The economic consequences of the second lockdown will be different from the first - Capital Economics
The Chief Economist’s Note

The economic consequences of the second lockdown will be different from the first

The obvious place to start this week’s note is the US election, but at this stage there’s not much to say that’s not already been said. Our US Update published over the weekend provides an excellent summary of the key points and the implications for the economy and policy, and our markets team have sketched out the consequences for asset prices.

Meanwhile, after the welcome distraction provided by the US election, the focus in Europe has shifted back to the virus. New lockdowns have come into force in the UK, France, Germany, Italy and the Czech Republic, with more countries likely to follow suit over the coming weeks. And renewed lockdowns mean renewed downturns in the region’s economies.  

As it happens, there are three reasons to think that the falls in GDP during second lockdowns will be smaller than those experienced during the initial lockdowns earlier this year. First, economic output is still depressed. As I noted a few weeks ago, GDP in most countries in Europe is still between 5-10% below pre-virus levels. The fact many sectors have yet to fully recover output that was lost during the first lockdown means they are unlikely to see as large a drop in output during the second. 

Second, many companies that are not directly affected by the new measures will by now have found ways of operating in an environment in which activity is restricted by lockdown policies. Work has moved online. Zoom meetings have replaced physical meetings. 

Finally, the new lockdowns have so far been less stringent than the original ones. For now, at least, factories and construction sites are likely to remain open. Importantly, so too are schools. The direct effect of school closures on GDP depends on how education output is measured, which varies across countries. But school closures also have an indirect effect on GDP as the output of working parents is damaged by having to double as teachers. We previously estimated that this could knock 2.5ppts off GDP per quarter. It remains to be seen whether schools will stay open throughout the latest lockdowns but, if they do, it will cushion the blow to output.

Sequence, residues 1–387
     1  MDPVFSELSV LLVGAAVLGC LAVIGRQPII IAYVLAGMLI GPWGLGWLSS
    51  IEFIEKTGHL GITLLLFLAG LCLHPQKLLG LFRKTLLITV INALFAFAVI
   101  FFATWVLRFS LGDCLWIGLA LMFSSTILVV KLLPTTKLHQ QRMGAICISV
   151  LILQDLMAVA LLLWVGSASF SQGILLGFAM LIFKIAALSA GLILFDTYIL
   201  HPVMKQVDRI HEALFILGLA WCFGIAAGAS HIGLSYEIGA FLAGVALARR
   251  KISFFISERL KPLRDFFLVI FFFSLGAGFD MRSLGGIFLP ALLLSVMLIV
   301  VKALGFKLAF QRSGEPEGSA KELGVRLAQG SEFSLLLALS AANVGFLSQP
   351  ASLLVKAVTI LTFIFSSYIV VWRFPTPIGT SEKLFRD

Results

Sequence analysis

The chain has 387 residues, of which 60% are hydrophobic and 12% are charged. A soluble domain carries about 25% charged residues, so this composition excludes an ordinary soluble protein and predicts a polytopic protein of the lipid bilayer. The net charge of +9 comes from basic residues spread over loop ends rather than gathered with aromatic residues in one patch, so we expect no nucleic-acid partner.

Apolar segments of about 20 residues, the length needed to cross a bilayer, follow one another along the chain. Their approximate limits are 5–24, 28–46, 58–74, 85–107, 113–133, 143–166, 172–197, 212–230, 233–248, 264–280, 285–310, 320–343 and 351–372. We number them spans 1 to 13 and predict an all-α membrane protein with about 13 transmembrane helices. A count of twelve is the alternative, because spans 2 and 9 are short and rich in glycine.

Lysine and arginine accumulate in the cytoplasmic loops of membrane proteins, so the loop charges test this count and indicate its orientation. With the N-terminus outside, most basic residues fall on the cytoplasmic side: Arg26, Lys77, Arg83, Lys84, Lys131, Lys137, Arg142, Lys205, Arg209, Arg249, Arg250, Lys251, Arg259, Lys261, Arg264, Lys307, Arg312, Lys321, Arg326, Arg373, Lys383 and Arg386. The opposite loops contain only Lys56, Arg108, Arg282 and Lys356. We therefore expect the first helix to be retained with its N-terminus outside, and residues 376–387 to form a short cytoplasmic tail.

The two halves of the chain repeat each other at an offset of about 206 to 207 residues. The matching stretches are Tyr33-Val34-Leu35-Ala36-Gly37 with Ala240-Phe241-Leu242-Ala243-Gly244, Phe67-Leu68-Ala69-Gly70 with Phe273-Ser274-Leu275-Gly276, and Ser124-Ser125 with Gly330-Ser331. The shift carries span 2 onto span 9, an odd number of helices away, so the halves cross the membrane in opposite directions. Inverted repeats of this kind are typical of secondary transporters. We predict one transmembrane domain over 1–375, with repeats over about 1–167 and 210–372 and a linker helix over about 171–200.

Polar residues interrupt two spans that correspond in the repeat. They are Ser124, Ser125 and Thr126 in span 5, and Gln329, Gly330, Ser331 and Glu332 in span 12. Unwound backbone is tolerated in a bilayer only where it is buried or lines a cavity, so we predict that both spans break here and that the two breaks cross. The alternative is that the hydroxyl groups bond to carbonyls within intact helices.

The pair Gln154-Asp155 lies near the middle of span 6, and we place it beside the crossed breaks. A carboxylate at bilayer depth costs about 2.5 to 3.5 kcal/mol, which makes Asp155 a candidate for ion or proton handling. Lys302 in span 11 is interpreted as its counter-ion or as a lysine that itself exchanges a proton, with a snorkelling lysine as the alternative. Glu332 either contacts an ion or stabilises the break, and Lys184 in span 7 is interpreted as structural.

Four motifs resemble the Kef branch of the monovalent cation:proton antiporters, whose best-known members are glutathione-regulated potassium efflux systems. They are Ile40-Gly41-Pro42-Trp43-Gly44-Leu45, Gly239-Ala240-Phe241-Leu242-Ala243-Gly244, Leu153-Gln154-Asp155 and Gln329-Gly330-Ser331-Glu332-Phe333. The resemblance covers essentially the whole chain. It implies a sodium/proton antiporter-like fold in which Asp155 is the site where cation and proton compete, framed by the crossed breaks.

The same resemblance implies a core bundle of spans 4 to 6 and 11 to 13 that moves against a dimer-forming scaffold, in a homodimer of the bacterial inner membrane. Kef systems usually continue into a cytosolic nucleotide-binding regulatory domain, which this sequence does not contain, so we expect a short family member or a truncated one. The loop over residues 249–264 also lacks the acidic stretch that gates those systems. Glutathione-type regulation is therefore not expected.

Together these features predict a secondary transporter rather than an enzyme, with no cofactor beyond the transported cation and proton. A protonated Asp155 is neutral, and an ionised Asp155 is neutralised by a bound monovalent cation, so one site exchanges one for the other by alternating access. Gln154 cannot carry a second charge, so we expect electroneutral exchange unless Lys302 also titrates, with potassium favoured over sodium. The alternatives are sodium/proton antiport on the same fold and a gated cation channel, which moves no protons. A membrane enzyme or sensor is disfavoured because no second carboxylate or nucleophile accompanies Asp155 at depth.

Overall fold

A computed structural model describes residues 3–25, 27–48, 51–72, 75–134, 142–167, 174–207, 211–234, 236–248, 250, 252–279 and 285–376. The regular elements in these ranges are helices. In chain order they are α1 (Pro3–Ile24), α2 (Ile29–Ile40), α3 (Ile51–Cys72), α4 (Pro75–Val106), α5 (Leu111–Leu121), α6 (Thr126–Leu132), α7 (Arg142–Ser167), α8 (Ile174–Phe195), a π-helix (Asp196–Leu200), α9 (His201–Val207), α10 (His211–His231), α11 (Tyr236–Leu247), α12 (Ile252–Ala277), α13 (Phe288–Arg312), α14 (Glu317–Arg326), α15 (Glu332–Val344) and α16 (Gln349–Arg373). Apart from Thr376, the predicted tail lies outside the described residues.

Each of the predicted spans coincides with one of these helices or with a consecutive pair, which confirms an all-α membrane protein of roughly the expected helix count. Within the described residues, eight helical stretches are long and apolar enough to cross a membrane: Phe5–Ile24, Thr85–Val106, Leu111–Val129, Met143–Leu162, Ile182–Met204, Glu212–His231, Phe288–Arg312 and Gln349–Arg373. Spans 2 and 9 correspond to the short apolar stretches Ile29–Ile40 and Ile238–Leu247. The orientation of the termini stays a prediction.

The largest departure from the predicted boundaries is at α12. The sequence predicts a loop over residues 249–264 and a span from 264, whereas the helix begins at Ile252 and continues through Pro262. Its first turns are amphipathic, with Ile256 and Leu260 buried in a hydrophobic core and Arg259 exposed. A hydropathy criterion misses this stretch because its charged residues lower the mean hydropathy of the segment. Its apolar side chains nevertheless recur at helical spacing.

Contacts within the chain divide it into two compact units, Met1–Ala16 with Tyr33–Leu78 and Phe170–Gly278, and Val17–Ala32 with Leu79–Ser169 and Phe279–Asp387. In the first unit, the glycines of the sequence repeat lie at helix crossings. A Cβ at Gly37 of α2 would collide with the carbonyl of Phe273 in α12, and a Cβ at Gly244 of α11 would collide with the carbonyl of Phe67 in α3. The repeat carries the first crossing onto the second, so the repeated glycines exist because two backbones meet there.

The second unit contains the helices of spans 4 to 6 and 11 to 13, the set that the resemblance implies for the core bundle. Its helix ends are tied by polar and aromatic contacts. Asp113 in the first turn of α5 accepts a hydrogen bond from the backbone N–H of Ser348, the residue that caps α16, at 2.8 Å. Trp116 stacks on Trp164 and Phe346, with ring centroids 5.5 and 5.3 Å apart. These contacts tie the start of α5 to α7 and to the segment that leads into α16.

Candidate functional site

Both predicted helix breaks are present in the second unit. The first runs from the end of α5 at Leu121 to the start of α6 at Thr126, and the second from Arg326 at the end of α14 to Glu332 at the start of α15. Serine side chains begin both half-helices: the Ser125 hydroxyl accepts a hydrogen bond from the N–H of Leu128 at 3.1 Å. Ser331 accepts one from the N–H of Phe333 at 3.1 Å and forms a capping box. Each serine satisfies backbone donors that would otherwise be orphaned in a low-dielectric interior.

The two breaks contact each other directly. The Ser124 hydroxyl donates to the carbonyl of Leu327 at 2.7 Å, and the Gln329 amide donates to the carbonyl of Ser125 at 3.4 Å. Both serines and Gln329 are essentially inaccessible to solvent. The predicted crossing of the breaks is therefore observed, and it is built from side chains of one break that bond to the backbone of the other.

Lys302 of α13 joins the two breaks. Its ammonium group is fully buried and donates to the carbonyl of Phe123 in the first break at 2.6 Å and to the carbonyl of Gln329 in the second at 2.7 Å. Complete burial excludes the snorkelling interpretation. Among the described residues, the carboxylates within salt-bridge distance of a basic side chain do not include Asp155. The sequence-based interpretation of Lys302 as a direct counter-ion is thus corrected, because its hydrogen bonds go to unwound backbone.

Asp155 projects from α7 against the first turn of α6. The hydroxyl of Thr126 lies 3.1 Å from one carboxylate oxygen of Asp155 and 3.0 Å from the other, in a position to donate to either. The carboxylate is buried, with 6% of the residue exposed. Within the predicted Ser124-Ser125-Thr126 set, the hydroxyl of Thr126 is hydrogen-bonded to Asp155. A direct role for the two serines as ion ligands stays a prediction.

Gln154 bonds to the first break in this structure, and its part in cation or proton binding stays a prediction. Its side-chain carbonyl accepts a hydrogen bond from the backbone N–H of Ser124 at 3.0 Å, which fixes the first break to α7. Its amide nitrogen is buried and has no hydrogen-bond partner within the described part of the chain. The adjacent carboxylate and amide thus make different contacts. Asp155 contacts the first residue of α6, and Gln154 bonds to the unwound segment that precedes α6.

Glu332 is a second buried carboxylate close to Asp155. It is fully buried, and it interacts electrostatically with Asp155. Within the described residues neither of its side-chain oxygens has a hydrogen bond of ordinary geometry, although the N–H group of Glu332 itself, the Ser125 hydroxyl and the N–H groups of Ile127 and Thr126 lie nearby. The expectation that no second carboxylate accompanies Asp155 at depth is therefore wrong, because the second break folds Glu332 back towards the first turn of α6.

One lesson from the first set of lockdowns is that compliance – and the extent to which people self-impose additional restrictions on activity – will play a significant role in determining the hit to economic output. “Virus fatigue” may mean that compliance is now weaker, which, all other things being equal, might diminish the hit to output. But the flip side of weaker compliance is that infection rates are likely to fall at a slower rate. Most governments have suggested that the new measures will stay in place for around one month, but it wouldn’t be a surprise if they persist in some form for longer.

If all of that is too depressing, cast an eye towards Asia. While Europe has been locking down, it has been opening up – so much so that the annual Pride Parade was held in Tapei at the end of October. This reflects the fact that the virus is now under control in large parts of Asia, which among other things is due to the much better job that governments there have done of testing, tracing and containment. Economic performance has been correspondingly stronger than elsewhere in the world. In the absence of similarly effective contact tracing programmes, countries in Europe (and indeed the US) will struggle to suppress the virus for any length of time. Instead, it’s increasingly likely that they will have to wait for the development of an effective vaccine to finally bring the virus to heel. In the meantime, the smart money should be on Asian economies to outperform. 

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